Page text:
Healthy Community = Healthy You

“It’s hard to lead a healthy life if you don’t live in a healthy community,” said Risa Lavizzo-Mourey, M.D., M.B.A. president and CEO of the Robert Wood Johnson Foundation . It sure is hard. Personally, I plan to live for a long, happy time and want an environment that supports this intent.

The County Health Rankings, now in their second year, show us that where we live matters to our health. The health of a community depends on many different factors – ranging from individual health behaviors, education and jobs, to quality of health care, to the environment. This collection of 50 reports – one per state – helps community leaders see that where we live, learn, work, and play influences how healthy we are and how long we live.

This is not a dry, data wonky website. It is a vibrant interactive space with stories about what counties around the  country have done to improve health.

It offers action steps about how to get people involved.

There are guides too:

How healthy is your county? How healthy could it be?

The Robert Wood Johnson Foundation is collaborating with the University of Wisconsin Population Health Institute to develop these Rankings for each state’s counties.


Thinking Makes You Happy or Unhappy

“It isn’t what you have, or who you are, or where you are, or what you are doing that makes you happy or unhappy. It is what you think about.”- Dale Carnegie

What are you thinking about today?

Happiness is Underrated

There is a large and growing body of empirical literature shows that people who are happier achieve better life outcomes, including financial success, supportive relationships, good mental health, effective coping, and even good physical health and longevity.  Now that’s some happy news. Moreover, prospective and longitudinal studies show that happiness often precedes and predicts these positive outcomes rather than simply resulting from them.  So happiness or feeling good helps position people for other good things in life.

We are not talking bout the giddy rush of happiness that comes with a new relationship or an awesome new job offer, but rather the profound and deep sense of happiness that could be described as fundamental contentment and gratitude for one’s life. People who experience frequent positive emotions grow more satisfied not simply because they enjoy themselves, but because they build resources that help deal with a wide range of life’s challenges. Improvements in material wealth and living circumstances increase life-satisfaction, also produce relatively few positive emotions.  So money does not buy happiness. It might provide a way to access things that do lead to happiness, but many of life’s pleasures are free. Like the public park in spring, verdant and alive with birds, bugs and people.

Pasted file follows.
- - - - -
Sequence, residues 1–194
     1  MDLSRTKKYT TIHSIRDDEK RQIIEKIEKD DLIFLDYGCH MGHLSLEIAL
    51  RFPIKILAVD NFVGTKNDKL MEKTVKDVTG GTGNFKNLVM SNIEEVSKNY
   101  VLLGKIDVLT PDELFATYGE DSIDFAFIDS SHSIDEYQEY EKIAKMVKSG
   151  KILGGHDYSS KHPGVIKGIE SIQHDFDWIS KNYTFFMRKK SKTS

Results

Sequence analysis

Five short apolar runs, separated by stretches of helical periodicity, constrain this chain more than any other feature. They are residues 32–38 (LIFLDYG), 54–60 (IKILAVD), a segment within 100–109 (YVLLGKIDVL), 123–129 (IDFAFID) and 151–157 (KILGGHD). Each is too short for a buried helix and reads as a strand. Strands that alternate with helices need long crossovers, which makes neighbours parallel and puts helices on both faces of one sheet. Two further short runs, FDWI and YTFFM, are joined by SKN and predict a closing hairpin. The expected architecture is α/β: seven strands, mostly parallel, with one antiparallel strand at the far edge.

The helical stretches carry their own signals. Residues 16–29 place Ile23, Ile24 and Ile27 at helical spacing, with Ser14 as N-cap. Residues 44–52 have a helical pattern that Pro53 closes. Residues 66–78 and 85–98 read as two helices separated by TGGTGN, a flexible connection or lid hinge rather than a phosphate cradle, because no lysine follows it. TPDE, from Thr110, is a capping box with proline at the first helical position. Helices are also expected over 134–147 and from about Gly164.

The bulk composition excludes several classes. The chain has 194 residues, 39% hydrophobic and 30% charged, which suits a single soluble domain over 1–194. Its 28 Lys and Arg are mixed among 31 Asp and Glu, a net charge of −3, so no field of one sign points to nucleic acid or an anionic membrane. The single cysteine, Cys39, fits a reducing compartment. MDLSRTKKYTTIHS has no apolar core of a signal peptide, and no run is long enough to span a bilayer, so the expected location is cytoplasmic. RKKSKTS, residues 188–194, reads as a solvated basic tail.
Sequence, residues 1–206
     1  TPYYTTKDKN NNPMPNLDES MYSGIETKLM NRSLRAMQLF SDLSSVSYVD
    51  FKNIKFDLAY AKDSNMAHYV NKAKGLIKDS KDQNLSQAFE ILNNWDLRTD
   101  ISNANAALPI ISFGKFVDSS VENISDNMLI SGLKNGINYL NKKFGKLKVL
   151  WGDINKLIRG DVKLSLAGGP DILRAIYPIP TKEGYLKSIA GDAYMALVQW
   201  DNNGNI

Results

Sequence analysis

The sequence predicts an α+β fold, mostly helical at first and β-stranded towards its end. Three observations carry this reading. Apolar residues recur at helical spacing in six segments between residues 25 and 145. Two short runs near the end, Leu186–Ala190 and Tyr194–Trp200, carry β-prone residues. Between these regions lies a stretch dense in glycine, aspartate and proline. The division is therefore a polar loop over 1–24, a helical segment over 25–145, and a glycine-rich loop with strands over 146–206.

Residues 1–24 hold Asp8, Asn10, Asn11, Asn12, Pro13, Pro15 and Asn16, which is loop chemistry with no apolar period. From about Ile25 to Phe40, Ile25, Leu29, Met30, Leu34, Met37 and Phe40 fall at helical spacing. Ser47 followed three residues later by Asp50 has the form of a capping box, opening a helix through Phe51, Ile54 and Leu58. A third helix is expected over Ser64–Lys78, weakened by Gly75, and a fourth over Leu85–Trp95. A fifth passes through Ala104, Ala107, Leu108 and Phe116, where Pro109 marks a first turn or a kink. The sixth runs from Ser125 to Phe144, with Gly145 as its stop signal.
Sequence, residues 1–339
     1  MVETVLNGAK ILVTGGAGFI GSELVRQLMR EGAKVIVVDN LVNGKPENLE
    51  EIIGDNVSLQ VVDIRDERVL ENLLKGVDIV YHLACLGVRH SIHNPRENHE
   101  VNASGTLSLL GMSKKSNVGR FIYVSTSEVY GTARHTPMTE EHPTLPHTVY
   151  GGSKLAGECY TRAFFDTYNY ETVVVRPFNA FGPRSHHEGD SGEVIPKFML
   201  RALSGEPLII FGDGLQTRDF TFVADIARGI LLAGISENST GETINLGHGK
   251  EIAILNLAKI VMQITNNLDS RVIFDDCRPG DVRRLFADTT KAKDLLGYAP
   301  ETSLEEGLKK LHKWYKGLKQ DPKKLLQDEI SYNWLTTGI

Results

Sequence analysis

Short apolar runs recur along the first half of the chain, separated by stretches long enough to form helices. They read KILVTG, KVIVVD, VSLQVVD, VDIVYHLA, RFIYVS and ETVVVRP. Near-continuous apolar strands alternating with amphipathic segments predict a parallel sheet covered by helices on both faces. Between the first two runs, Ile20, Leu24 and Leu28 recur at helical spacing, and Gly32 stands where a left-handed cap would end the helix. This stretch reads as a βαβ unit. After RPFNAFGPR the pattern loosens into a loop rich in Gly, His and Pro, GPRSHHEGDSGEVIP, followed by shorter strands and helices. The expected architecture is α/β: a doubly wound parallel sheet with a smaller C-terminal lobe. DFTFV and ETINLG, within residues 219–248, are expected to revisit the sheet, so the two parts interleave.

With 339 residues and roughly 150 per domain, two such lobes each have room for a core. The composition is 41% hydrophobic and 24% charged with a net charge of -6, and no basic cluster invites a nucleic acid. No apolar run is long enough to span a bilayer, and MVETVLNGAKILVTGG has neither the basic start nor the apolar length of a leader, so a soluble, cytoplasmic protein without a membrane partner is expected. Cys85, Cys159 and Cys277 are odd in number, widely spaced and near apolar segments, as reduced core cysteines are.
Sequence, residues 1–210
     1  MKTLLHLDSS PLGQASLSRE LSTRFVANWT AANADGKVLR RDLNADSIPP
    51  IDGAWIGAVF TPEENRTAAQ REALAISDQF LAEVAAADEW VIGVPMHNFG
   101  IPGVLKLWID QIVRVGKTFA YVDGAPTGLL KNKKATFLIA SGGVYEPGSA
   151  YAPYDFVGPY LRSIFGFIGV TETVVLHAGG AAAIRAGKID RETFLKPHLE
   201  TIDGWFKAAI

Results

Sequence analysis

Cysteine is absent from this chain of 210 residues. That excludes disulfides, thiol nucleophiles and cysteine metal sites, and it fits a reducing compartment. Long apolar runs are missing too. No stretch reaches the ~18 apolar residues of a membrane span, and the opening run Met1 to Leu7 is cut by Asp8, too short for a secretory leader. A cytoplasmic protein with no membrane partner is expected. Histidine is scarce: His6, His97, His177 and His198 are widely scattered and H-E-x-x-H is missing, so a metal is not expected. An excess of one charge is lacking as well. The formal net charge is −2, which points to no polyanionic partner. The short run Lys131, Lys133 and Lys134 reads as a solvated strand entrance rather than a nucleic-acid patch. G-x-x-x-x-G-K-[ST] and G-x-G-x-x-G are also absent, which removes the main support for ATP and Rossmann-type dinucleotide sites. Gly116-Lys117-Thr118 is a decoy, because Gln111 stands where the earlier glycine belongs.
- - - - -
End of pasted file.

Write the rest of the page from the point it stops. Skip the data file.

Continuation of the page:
While we might want it all, a good living, a comfortable home and to be happy turns out  it is important regularly experience positive motions.  Experiences in life that bring  joy  or interesting are what start the process of exploring, learning, connecting, and ultimately building new resources. Those resources can later improve one’s life, offering up new opportunities for enjoyment and resource building. So go explore, see what you find, you might just discover new resources within like, joy and gratitude.

Best Career Advice: Be proud of who you are

Kasey Perry is executive director of the Madison County Chamber of Commerce and a colleague who was recently featured in the Clarion Ledger. Asked about the best career advice she received, she had some wise words to share, thanks to her parents. “Be willing to go above and beyond the call of duty. Be proud of who you are and hold your own.” This seems to be working for her, in the past year the Madison County Chamber of Commerce there are 125 new members and a $70,000 increase in their fundraising efforts. That’s during these challenging economic times.